That's what it means to watch and wait. Faithful servants work while they wait for their Master to come home. As they wait, they will be doing His business preaching the gospel, helping those in need, raising good families, living Christian lives, winning souls to Christ not speculating about dates and times.

Speculation versus faith

As the millennium approaches, some even a few well-known names in our church have stepped forth to declare that they have studied these details more diligently than the rest of us and can tell us, if not the day or hour, at least the general time of Christ's coming.

But while such tactics sell books, the popularity of these theories is not a good sign for Adventism. It suggests that even after 150 years we have never quite given up our desire to second-guess God. This is toxic religion at its extreme and defies the very words of our Lord who said "No man knows the day nor the hour."

I have noticed through the years that each time we Adventists have studied the signs and prophecies attempting to divine what will happen next, we lose spiritual perspective. We begin to "goof off," to scrap with one another about details, and to lose sight of both the Lord and His priorities. We can become so preoccupied with coming Sunday laws that we miss the coming King!

But when we have studied past events to see how the Lord has led us in accordance with His prophecies, our faith has been strengthened.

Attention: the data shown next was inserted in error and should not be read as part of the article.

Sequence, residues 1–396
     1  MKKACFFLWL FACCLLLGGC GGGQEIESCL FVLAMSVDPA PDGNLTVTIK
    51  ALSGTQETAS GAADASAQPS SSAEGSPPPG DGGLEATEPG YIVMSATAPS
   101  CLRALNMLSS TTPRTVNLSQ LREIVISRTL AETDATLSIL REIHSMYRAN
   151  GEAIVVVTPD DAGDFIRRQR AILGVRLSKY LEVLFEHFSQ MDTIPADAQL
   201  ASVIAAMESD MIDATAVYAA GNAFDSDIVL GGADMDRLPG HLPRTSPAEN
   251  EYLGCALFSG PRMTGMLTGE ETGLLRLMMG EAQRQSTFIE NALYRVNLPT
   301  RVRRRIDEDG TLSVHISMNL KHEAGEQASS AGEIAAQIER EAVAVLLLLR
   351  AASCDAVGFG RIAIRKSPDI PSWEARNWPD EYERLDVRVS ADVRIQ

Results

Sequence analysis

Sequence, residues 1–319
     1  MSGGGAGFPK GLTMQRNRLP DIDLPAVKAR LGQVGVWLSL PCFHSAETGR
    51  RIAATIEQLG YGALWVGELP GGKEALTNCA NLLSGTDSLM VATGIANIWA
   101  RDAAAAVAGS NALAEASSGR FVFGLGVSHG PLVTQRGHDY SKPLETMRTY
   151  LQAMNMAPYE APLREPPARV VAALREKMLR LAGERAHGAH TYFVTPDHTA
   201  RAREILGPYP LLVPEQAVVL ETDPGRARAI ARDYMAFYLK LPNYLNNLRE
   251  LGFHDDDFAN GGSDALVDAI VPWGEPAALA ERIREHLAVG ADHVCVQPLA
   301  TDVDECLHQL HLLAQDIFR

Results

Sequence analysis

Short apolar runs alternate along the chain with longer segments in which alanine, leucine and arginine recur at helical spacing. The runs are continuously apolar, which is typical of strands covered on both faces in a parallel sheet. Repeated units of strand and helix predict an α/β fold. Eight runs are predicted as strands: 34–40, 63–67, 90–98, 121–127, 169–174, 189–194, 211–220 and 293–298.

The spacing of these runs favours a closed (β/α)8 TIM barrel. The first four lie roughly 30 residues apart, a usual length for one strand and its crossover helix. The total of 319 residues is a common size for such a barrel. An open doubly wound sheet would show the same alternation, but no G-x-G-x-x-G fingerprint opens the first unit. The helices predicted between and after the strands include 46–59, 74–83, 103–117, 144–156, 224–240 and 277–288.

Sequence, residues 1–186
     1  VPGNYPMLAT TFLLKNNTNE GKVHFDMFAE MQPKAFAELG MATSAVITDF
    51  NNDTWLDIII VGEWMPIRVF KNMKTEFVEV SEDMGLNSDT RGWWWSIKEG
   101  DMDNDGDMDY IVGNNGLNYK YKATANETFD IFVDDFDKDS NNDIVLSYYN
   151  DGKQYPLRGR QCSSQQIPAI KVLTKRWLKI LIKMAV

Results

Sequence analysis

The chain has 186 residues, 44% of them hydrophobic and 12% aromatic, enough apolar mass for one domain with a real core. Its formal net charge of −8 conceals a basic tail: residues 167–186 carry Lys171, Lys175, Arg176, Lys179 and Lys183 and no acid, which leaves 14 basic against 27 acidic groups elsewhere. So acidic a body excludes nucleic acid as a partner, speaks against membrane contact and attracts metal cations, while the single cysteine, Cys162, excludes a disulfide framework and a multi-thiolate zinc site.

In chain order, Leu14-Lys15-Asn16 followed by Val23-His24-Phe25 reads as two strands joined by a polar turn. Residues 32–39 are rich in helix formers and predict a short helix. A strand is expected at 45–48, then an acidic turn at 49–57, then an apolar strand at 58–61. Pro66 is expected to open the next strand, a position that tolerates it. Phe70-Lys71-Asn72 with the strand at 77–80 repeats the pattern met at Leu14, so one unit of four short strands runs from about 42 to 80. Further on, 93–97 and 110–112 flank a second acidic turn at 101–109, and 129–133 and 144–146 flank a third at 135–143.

Why, then, you may ask, were these signs given, if not to provide us clues?

Nowhere does Jesus say "I'm telling you these things so you can figure out what is going to happen next before everyone else does." If that is what He intended to do, it would contradict His advice about being ever ready and vigilant because "the day of the Lord will come as a thief in the night." What Jesus does say is "I have told you now before it happens, so that when it does happen you will believe" (John 14:29).

Being ready

I earnestly want Jesus to return. And I quite agree with Joe that we are not ready. But this is not because we have failed to memorize his time chart. It is because we have failed to experience Jesus' other advent. There is, you see, an advent of Christ in between the one recorded in the gospels and the one described in Revelation.

The vital coming between Bethlehem and Armageddon is when He comes into our hearts right now. And I boldly say that unless Christ has first been invited to come into the hearts and lives of His people, He will never come for us in the heavens.

If our Lord delays His coming, it is not because we have not traced out the right chart or calculated the right formula or spotted the right portentous event. It is because we have been too busy tracing, calculating, and spotting to welcome and know our life-changing Lord Himself.

Editor Froom was correct in understanding the primacy of righteousness by faith faith in Jesus' righteousness that enlivens, transforms, and, ultimately, translates God's people.

What will the Lord find you doing when He returns?

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James A. Cress is the Ministerial Secretary of the General Conference of Seventh-day Adventists.